Abundant life is not simply what we aspire to achieve in the next life.  It is something we can experience now.  Imitating Jesus is how we live and experience this life to the fullest.  It is in loving these, that we can get a glimpse into the love God has for us.  And, when we mess up, because we will, Jesus will be there to help us pick up the broken pieces and start again with the grace and love of Christ.  Failure is not the enemy, it is the fear of trying something new which prevents us from experiencing the abundance Christ desires for us. 
This life is one with abundance of love.  It is found not in things but in the intimacy of a relationship with God in which Jesus knows each of the names of the all the children of God and everything about them.  It is in this intimate relationship with God and others that we receive life; not just life eternal but life now, in this world, full life with all its ups and downs, in the midst of chaos and fear, reasons for joy and reasons for sorrow and peace knowing that the loving shepherd goes with us through it all. 
Those of you who are parents, know this is true.  You have tried to shepherd your children to be the best adults they can be.  You have witnessed their heart breaks, broken bones and broken spirits.  You have witnessed them face the consequences of their own poor choices and live with the consequences of the poor choices of others.  You have laughed with them and cried with them, been angry at them and rejoiced with them.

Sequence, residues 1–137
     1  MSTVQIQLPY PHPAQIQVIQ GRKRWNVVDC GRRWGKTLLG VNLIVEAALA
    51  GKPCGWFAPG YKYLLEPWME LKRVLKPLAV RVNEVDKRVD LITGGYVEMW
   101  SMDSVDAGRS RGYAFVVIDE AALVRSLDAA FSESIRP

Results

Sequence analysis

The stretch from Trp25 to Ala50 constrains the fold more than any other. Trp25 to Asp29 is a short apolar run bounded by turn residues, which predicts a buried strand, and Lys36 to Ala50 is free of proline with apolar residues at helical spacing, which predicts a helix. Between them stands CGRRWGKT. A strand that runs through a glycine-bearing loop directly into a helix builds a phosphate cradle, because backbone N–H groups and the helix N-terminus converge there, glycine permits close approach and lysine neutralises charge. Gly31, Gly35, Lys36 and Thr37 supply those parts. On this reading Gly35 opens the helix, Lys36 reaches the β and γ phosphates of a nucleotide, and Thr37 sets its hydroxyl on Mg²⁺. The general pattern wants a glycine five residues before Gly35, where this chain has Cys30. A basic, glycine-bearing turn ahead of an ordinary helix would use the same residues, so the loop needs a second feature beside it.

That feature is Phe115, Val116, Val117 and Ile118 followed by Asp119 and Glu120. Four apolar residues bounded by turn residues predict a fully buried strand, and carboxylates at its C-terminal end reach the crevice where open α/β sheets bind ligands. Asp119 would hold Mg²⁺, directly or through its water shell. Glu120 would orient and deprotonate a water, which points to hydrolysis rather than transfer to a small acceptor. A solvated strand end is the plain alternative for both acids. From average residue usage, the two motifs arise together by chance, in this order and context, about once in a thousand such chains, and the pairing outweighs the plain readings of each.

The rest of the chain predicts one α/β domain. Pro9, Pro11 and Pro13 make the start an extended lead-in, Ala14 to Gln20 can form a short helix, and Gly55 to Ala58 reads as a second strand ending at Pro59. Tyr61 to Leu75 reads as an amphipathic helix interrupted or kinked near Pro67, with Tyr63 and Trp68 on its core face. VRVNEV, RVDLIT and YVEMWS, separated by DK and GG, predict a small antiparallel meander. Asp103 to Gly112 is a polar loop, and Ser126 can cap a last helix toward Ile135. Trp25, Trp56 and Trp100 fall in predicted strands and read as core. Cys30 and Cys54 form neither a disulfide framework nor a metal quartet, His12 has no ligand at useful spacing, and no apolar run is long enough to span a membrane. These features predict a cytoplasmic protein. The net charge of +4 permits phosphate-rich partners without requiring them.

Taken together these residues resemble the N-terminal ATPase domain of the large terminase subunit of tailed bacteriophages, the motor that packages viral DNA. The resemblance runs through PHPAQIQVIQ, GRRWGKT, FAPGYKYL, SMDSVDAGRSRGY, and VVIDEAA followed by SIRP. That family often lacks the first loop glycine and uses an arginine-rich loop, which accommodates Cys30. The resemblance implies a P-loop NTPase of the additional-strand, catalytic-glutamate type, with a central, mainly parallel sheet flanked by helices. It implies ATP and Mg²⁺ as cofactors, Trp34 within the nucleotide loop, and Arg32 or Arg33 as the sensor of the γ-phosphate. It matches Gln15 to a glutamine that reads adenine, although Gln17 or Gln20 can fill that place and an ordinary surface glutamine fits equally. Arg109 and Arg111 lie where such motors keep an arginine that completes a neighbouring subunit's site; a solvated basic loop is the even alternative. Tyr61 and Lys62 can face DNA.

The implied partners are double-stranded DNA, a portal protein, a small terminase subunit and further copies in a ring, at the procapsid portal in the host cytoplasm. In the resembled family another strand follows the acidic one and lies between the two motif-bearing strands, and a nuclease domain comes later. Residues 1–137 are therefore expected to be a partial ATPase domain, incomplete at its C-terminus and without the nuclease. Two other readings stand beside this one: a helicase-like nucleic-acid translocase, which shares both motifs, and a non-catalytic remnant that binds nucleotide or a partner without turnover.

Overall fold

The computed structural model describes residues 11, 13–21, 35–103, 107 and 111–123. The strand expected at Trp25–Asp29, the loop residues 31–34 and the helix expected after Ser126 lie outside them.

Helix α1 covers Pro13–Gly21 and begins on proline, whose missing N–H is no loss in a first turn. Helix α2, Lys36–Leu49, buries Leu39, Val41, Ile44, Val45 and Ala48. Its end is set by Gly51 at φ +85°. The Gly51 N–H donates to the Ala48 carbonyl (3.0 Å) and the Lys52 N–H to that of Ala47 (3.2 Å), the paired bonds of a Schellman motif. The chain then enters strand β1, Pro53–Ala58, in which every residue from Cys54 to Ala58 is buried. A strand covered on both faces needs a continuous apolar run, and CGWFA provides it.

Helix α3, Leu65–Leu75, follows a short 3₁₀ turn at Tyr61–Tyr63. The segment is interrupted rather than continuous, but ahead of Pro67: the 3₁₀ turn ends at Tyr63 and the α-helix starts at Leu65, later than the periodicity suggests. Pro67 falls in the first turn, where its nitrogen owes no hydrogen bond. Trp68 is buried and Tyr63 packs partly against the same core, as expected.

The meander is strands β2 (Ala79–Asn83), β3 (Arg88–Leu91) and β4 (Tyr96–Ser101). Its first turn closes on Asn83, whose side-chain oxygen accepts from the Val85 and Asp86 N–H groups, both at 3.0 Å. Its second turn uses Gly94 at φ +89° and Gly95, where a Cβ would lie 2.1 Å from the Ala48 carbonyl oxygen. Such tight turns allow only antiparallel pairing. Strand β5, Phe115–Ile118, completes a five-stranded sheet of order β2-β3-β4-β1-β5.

You know that because we are humans, no matter how good of a parent you are, children can’t be protected from everything and God realizes this too.  Some of you know first-hand what it must be like for God to be heart broken when your children choose to leave the fold. But because you know the depths of sorrow, you also know the potential for the ecstasy and joy when you see your child make the right decisions, grow from their mistakes, and become stronger because of the adversity they faced. 
This is what Jesus intends as he tells us this riddle.  Abundant life is not found hiding underneath the bed or behind the door or even within the walls of the church.  Abundant life is found when we walk bravely through the gate, trusting that it leads to a place full of wonderful experiences, life giving diversity and nourishing pastures.  And trusting that the shepherd goes with us, leading us to an intimate relationship where we know the voice of the shepherd and he calls us by name. 

God is calling each and every one of us by name to come out of the sheepfold.  Leave the confines of perceived safety into the loving embrace of Jesus.  Follow him, encourage others to come along too and experience the abundance of life together. 

Friday, May 2, 2014


Acts 2: 14a, 22-32/ 1 Peter 1:3-9
The two scriptures we read today took place in two very different times.  The lesson from Acts took place at Pentecost- just 50 days after the resurrection that first Easter.  Many people in the crowd that Pentecost morning had seen the miracles of Jesus and heard Jesus teach first hand.  They had been direct witnesses to the life and ministry of Christ. 
The Lesson from 1 Peter is taken from a letter written by followers of Peter to established churches in the early Christian faith, some 50 to 60 years and hundreds of miles away from the events of that first Easter.  Both of these groups are witnesses to the ministry of Christ.  Maybe not first-hand witness but witnesses to the same faith, hope and love we find in Christ today.  It has been 1,981 years since the death and resurrection of Jesus but we continue to be witnesses to the ministry of Christ.